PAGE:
# Mersenne twister random number generator in Java for Monte Carlo Sim.

I am using the Mersenne twister random number generator in Java for a Monte Carlo Simulation. I need a uniform distribution of values between -1 and 1. My code is below (I am importing org.apache.commons.math.random.MersenneTwister, which is a Apache Commons library that contains the methods I am calling).

for(int i = 0; i<= NumberOfTrials-1; i++ ) {
MersenneTwister mtsign = new MersenneTwister();
boolean sign = mtsign.nextBoolean();            // random true or false
MersenneTwister mt = new MersenneTwister();
if (sign=true){
random[i] = mt.nextDouble(); }  //i.e. (random number between 0 and 1)
else if (sign=false){
random[i] = - mt.nextDouble(); }   // i.e. random number beween -1 and 0
}


Each index of the resulting array, random[], contains the same value for some reason (and all are positive as boolean keeps returning true). Any thoughts/advice is greatly appreciated.

• "I am implementing a Mersenne twister random number generator" -- Actually, you are just using an existing Mersenne twister implementation/library. "Implementing" means writing your own. Commented Mar 20, 2011 at 13:40
• The OP should edit their post to remove the unfounded claim. Commented Mar 24, 2011 at 21:01
• I'm noticing a common Java mistake that you probably have already found and corrected. When you say if (sign=true), you are not just testing sign, you also assigning sign to true and then testing it (and it will always be true). You probably intended to say if (sign == true), but in Java this could (and should) be abbreviated to if (sign). Similar problem with else if (sign=false): you probably intended else if (sign == false). This could be correctly written as simply else (because if sign is not true then it must be false). Commented Nov 10, 2011 at 16:29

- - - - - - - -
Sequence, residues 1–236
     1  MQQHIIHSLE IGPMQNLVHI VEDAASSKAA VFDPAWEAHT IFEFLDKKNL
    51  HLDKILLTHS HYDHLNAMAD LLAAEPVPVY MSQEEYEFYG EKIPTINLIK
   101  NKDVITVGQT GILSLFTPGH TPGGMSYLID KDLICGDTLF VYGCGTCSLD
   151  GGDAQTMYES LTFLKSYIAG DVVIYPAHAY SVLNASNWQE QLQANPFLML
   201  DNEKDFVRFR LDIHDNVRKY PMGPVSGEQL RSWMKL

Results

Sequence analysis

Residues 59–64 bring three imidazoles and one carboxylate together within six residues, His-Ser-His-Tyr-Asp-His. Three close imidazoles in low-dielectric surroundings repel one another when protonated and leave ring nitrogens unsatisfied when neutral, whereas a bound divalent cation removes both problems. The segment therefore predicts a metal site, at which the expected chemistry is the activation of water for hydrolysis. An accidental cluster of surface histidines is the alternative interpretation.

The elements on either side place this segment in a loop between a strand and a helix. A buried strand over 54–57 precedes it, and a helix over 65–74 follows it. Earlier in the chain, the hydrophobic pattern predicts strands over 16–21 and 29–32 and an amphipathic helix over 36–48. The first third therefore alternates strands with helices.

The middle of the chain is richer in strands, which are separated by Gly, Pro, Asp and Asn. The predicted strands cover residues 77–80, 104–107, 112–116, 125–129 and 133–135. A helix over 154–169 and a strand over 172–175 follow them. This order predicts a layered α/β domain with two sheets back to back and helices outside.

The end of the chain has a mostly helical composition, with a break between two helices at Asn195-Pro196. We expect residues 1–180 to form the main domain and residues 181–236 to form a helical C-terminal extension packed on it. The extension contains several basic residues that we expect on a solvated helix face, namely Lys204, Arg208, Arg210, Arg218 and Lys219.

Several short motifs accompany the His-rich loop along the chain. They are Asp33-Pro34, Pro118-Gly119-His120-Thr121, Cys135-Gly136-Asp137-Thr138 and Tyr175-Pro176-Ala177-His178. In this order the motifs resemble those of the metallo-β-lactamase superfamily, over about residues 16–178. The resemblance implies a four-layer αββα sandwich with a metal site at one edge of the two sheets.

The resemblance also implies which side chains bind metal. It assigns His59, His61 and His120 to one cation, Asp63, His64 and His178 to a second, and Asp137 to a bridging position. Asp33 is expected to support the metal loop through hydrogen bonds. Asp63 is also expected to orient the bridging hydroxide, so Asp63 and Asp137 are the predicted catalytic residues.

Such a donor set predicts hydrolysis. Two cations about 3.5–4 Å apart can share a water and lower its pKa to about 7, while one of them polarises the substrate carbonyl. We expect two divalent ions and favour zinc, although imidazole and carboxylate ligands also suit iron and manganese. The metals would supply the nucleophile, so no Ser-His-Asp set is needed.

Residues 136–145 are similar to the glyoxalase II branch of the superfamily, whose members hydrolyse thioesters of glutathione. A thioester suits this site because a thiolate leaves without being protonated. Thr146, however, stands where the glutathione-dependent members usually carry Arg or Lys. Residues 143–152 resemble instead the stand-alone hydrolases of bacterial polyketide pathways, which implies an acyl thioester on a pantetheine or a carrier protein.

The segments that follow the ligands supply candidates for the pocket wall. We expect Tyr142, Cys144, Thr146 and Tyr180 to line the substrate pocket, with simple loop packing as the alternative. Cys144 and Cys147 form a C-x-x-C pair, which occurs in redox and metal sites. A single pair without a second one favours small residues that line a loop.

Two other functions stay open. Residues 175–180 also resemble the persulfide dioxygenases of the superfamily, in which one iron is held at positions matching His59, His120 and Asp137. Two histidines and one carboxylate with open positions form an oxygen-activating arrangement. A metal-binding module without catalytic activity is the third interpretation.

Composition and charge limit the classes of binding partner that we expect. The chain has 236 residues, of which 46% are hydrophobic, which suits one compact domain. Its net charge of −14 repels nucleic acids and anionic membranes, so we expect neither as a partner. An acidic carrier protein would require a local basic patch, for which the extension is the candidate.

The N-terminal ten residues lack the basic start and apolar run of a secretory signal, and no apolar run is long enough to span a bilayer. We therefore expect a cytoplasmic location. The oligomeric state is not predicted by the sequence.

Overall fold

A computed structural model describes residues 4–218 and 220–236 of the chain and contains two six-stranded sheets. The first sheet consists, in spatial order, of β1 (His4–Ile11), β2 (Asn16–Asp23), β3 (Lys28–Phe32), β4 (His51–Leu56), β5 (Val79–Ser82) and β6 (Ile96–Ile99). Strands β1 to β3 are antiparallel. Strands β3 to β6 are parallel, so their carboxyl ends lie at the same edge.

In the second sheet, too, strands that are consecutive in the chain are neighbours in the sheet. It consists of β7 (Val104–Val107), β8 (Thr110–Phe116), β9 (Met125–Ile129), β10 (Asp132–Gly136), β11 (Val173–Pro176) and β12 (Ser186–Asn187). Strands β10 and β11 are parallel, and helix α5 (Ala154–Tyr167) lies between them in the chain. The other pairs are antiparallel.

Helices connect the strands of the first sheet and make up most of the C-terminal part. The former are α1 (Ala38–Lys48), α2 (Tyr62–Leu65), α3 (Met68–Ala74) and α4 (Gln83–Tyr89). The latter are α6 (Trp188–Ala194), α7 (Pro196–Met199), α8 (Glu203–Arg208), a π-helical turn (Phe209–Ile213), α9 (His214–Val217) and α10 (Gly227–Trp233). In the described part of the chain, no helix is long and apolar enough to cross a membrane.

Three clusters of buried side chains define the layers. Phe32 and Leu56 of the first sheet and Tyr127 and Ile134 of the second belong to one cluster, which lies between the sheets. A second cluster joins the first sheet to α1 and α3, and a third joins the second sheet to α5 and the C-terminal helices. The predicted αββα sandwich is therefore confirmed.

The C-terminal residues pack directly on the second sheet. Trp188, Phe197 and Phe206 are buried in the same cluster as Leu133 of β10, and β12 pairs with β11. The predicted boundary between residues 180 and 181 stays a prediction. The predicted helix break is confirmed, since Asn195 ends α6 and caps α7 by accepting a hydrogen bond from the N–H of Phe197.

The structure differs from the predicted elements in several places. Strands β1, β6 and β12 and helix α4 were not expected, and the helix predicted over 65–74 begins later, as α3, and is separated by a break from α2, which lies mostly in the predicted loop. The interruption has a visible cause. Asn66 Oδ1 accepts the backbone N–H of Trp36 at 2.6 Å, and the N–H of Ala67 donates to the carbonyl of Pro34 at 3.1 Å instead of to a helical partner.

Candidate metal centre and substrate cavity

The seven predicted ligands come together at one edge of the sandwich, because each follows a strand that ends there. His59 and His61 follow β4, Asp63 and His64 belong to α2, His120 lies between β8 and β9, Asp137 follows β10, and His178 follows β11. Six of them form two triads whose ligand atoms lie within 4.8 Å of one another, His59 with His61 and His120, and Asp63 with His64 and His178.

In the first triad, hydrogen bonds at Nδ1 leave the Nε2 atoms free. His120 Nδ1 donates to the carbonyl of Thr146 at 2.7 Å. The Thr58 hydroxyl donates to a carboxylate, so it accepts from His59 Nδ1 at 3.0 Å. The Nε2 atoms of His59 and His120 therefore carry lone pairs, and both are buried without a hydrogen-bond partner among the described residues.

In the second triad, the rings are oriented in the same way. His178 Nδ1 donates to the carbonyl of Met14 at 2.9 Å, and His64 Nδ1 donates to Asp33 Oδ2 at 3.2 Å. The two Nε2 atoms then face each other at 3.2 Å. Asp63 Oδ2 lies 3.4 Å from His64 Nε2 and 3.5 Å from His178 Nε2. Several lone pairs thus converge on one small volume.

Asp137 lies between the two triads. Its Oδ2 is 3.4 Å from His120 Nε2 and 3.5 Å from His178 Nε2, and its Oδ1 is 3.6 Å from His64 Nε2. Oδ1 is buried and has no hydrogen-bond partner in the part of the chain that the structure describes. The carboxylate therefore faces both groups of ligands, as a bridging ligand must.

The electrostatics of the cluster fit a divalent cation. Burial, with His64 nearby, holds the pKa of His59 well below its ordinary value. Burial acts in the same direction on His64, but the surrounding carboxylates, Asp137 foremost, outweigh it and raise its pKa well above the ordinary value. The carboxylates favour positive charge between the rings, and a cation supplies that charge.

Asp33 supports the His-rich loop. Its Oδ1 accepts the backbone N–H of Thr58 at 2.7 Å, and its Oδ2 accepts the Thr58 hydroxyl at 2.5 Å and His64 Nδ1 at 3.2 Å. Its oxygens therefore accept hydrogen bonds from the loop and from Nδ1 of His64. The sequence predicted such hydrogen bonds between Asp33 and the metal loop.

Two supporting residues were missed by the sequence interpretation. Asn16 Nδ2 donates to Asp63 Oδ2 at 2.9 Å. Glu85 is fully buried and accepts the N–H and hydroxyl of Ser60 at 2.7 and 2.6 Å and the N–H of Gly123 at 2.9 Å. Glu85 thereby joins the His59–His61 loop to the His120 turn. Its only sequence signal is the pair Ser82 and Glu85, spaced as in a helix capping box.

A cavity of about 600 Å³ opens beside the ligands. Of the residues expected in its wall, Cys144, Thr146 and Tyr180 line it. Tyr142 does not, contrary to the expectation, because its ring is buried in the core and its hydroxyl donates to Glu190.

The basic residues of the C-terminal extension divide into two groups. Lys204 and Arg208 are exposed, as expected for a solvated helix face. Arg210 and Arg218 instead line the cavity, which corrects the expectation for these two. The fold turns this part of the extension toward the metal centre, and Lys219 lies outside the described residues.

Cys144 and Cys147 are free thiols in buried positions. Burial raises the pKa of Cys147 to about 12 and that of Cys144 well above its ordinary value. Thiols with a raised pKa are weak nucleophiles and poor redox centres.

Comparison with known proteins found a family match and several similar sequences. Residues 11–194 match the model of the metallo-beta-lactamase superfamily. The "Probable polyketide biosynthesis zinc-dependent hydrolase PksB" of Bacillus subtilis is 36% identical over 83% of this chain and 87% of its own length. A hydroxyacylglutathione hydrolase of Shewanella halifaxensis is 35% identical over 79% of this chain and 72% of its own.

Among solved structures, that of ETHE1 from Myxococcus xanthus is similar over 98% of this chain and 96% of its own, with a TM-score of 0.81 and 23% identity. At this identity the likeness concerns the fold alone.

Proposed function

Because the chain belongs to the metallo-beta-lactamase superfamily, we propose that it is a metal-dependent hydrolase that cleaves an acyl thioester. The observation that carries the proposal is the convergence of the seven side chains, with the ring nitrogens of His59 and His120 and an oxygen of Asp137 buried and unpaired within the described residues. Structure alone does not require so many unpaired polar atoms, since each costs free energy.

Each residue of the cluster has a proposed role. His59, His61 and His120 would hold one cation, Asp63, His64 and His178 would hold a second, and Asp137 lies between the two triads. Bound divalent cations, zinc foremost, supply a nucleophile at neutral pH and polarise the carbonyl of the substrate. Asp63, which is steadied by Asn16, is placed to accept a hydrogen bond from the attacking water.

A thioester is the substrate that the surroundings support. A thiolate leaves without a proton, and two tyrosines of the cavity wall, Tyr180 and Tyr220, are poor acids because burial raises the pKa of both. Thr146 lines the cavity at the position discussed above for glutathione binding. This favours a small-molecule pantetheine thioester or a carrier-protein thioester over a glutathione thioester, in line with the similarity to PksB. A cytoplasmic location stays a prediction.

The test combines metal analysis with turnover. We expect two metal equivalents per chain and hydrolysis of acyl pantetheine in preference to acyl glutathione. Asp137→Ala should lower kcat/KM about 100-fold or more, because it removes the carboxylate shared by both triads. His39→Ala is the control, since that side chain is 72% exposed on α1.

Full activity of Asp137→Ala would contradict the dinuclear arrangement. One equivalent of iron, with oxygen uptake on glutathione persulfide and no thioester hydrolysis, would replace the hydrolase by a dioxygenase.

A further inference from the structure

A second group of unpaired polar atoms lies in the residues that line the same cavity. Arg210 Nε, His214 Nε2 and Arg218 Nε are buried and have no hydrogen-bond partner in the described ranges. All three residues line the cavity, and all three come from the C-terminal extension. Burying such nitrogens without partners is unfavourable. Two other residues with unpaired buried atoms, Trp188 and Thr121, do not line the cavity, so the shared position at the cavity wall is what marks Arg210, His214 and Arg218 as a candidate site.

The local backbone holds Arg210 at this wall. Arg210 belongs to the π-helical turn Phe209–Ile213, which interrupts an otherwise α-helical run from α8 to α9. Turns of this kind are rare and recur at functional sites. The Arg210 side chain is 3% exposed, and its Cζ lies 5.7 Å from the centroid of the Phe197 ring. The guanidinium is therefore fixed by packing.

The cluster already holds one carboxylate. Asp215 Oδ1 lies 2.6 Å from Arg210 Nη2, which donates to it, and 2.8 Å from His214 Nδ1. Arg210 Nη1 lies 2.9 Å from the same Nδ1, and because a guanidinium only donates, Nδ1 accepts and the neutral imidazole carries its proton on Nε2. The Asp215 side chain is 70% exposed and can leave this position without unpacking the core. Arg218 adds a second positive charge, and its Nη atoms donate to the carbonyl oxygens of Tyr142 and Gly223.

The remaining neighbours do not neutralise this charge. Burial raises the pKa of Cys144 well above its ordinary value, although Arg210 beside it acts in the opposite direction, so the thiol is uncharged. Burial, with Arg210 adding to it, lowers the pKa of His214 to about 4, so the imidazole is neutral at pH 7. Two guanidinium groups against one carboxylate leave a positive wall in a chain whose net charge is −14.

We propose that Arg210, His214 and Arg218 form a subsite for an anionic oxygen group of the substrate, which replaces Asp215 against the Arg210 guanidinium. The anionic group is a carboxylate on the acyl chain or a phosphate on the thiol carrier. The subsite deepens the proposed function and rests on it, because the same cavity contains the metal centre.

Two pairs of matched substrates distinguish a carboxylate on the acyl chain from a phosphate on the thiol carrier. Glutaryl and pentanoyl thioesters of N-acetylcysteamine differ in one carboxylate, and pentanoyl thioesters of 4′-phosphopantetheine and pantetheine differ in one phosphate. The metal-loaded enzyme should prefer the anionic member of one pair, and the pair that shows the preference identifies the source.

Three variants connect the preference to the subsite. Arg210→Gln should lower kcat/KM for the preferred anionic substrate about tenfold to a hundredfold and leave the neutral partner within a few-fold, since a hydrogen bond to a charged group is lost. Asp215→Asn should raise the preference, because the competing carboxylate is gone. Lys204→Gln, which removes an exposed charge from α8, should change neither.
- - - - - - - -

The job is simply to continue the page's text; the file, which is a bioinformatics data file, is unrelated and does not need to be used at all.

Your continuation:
The problem is that you are creating a new random number generator for each iteration. Move new MersenneTwister() out of the loop:

MersenneTwister mtsign = new MersenneTwister();
MersenneTwister mt = new MersenneTwister();
for(int i = 0; i<= NumberOfTrials-1; i++ ) {
// use mtsign and mt here
...
}


Furthermore, you don't need two generators, you can just rescale:

MersenneTwister mt = new MersenneTwister();
for(int i = 0; i<= NumberOfTrials-1; i++ ) {
random[i] = mt.nextDouble() * 2 - 1;
}


Lastly, in your code, you may need to push the generator even further up the call tree to avoid generating the same sequence repeatedly.

• In practical applications you usually want to recreate the generator (with a fixed seed) for every simulation set, to ensure that the results are reproducible. This is not cryptography, you don't need "true" randomness. Commented Mar 19, 2011 at 17:26
• @quant_dev I smiled when I read: This is not cryptography. You're right! Commented Jan 7, 2012 at 9:36